Under the proposal, protection under the United Nations Convention against Torture would no longer be available to people who were physically or mentally tortured by "rogue" government officials "who are not acting under the color of the law".
Other proposed changes to the rule include making it more difficult for migrants who are forbidden to apply for asylum to pass interviews that qualify for relief under the United Nations Anti-Torture Convention or "withholding deportation" , the other lesser form of protection. In recent years, the government has implemented various policies to exclude most U.S. migrants, including those who have traveled through a third country such as Mexico, to reach the southern border.
The proposal would also broaden the definition of a "frivolous" application to give judges and asylum officials more scope to refuse "apparently unfounded or otherwise abusive claims".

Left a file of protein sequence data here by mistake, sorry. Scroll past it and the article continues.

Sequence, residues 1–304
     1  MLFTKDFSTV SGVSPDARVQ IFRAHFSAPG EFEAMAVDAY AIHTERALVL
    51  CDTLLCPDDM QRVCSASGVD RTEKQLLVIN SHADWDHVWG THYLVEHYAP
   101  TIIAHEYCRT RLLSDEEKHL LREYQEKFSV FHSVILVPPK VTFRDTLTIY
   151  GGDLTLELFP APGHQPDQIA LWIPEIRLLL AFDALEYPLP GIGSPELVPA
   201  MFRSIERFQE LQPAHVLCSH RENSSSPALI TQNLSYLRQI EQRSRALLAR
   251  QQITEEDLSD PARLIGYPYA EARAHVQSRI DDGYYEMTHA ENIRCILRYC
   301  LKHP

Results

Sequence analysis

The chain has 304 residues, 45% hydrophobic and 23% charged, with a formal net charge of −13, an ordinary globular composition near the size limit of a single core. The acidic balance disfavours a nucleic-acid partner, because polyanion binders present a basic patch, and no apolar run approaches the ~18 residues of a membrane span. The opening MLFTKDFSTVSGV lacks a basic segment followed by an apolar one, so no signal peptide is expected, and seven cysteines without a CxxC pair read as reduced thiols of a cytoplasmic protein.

Pierce, the immigration expert, said the regulation was one of several "layers" of asylum restrictions that the administration had developed to mitigate unfavorable decisions in federal courts that had hampered its agenda. She said the proposed rule could be one of the tools that the administration uses to deter migrants after the public health regime, which officials identify as most cross-border commuters, has been lifted.
The government has said that the Centers for Disease Control and Prevention Designation Policy is designed to block the entry of migrants who could spread the coronavirus in the United States. At an event held by the Heritage Foundation on Wednesday, Acting Deputy Secretary of Homeland Security, Ken Cuccinelli said the directive, which has been extended indefinitely, would be "agenda for a while" as there is no coronavirus vaccine.
Pierce said Wednesday's proposal would not achieve its stated purpose of cutting unfounded asylum applications. "If they sincerely wanted to deter less than legitimate asylum applications, they would try to process asylum applications fairly and efficiently, rather than creating obstacles every step of the way."